You’re not going to convince them that large chunks of their information is unessential. Instead, your first move should be to agree with everything they ask for—kinda. “Yes, and …” is a rule-of-thumb (do people still say that too?) in improv comedy. By leading with “yes,” you accept new information rather than immediately challenging or dismissing it. The “and” allows you to build upon the idea and take it in new, complementary directions.
Since you’re playing the long game (chess, not checkers), you can introduce SMEs to new, proven approaches over time by using a “yes, and …” Yes, you will build the recommended solution … and you’ll augment it with an additional tactic (the thing you actually want to do). After implementation, demonstrate the effectiveness of your alternative approach and suggest they consider it for future projects. You can still cover all of the information, but you’ll do it in ways that align with the unavoidable realities of learning and work.
This player “doesn’t have time for learning.” They have limited staffing, limited resources, and KPIs they must hit. If they don’t immediately see how training will help them achieve their goals, they won’t support it. If they don’t make training a team priority, it won’t get done—no matter how much buy-in you have from other stakeholders.
The best way to influence this player is to help them directly. Why should they champion L&D programs if they aren’t getting the support they need to do their best work? This doesn’t mean delivering employee training to them first or providing them with “manager versions” of materials. Instead, prioritize this audience by adopting continuous learning and support tactics for managers and reducing reliance on structured programs. Shift their mindsets by providing them with hands-on evidence of how modern learning practices can improve job performance. Then, ask them to champion your new employee learning initiatives.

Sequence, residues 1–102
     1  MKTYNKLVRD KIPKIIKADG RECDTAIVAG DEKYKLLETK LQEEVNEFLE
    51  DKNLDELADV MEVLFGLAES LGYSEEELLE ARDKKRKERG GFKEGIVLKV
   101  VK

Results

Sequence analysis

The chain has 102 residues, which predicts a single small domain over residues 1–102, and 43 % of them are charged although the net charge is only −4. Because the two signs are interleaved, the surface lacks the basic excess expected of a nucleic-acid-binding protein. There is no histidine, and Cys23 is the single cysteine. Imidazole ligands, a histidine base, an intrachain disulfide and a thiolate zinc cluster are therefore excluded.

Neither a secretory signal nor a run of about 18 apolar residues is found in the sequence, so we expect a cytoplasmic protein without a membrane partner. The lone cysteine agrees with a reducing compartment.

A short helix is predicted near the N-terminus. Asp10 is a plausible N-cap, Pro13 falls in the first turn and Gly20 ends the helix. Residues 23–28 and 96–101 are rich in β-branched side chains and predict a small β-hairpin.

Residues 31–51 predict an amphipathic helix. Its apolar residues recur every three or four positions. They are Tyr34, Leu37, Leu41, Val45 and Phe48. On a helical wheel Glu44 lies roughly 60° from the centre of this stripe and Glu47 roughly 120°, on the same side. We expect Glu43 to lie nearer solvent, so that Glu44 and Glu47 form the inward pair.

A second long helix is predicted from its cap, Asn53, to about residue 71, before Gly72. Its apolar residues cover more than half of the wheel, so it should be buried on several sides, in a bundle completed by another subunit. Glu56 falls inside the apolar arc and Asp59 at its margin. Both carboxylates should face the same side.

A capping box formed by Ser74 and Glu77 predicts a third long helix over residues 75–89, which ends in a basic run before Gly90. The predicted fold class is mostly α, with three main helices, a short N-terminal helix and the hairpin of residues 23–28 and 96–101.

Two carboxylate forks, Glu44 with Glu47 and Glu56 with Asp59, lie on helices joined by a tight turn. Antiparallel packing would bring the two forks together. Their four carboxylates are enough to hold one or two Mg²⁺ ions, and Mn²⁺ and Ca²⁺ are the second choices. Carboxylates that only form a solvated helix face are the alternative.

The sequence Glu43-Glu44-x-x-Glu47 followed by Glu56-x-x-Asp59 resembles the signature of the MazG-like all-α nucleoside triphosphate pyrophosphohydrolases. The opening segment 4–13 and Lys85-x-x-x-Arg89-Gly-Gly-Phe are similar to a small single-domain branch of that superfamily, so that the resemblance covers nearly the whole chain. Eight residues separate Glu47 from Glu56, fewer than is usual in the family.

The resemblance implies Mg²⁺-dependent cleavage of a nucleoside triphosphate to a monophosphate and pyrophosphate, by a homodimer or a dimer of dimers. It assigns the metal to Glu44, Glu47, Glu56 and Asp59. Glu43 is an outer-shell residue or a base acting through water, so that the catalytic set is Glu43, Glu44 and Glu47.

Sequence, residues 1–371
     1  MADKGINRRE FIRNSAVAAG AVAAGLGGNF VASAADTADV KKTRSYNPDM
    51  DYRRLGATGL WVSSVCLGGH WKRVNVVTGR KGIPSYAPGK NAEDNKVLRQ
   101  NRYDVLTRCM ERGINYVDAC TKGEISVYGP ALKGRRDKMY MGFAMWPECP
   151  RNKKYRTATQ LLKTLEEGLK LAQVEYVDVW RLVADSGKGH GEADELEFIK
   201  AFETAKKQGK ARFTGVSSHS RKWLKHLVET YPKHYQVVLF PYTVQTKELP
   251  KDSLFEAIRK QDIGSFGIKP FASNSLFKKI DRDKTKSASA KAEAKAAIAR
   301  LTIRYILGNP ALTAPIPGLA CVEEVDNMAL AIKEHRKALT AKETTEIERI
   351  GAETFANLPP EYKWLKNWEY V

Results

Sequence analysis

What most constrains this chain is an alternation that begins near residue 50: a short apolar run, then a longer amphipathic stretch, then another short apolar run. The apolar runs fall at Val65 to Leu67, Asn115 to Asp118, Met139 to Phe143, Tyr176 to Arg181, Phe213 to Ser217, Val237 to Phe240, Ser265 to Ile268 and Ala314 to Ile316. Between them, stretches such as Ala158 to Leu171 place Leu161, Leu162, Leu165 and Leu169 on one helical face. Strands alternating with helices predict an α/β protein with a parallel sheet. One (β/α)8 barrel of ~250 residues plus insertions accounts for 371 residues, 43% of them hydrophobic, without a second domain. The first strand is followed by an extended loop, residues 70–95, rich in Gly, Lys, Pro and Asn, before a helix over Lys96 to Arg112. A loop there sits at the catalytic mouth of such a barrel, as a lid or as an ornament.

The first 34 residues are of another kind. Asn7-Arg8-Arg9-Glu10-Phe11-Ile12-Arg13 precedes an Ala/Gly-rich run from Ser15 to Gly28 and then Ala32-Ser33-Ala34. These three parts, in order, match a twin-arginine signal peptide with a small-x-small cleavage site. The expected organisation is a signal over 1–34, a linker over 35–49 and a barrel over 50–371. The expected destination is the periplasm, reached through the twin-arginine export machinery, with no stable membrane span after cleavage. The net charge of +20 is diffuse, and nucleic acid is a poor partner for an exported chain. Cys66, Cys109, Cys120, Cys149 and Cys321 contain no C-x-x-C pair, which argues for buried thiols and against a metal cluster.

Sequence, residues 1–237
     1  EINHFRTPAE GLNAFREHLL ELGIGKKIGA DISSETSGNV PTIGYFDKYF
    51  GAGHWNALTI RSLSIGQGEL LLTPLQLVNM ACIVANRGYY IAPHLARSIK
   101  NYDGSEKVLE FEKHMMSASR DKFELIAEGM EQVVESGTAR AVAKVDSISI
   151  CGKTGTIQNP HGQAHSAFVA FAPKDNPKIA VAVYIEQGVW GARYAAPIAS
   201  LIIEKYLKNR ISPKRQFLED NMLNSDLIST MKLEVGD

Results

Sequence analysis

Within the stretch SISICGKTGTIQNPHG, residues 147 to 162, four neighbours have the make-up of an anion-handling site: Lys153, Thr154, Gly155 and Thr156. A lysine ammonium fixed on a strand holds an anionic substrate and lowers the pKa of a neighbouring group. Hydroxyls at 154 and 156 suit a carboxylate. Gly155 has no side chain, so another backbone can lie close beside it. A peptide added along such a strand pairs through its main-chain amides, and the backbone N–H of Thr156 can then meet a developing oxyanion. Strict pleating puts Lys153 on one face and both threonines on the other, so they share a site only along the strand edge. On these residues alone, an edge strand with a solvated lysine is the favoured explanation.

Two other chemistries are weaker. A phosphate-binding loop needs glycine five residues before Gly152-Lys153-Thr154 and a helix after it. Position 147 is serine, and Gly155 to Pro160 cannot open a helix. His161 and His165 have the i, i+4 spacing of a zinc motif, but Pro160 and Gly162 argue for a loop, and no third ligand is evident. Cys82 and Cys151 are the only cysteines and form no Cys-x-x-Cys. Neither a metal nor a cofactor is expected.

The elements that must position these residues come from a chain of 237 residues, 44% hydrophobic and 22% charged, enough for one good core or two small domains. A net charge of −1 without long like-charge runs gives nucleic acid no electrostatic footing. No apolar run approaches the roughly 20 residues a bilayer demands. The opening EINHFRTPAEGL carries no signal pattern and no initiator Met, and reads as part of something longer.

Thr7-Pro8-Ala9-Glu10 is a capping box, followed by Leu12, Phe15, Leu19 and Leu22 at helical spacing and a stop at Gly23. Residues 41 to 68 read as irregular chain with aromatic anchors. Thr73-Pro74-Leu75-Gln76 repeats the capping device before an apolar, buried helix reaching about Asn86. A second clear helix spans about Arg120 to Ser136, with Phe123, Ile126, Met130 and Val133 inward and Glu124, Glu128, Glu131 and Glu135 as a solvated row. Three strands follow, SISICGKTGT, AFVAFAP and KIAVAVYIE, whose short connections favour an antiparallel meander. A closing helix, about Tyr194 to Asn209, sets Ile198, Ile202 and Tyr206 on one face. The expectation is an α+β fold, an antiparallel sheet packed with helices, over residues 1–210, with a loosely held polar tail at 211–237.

This player is focused on execution. They have limited control over their schedules, resources, and priorities. They want to develop their skills but they only have so much time in their day. If you want them to do something new or add a task to their already overflowing list, you need to explain why it's worth the effort. Otherwise, they’re not going to do it— until their manager chases them down.
The reason “because L&D said so” does not work with this stakeholder. Instead, their mindset shift must come from within. Begin your initiatives by building champions within peer groups. Involve employees throughout the solutioning process. Run small experiments to demonstrate the impact of new tactics. Collect feedback from early adopters, and use it to communicate with the larger audience. Show them how people with similar goals, backgrounds, interests, circumstances and experiences benefitted. Then, ask them to try something new.
The most important move in the game
Every L&D team has its own stakeholder list. Some tactics may work better with different audiences in real life. Regardless, the most important move you can make in The Game of Influence is getting to know the other players. They all contribute to your workplace learning culture in different ways. They all begin the game with unique perspectives. They need your help to understand what works best when it comes to modern learning and support practices.
The great thing about this game is that everyone can win. You just have to make the effort to build relationships and establish trust with the other players—before you ask them to change their long-held beliefs about learning. When they see what’s possible and how you can help them achieve their goals, they’ll lean into your expertise and open their minds to new possibilities. Winning this game is a key step in the transition from order-taker to performance partner.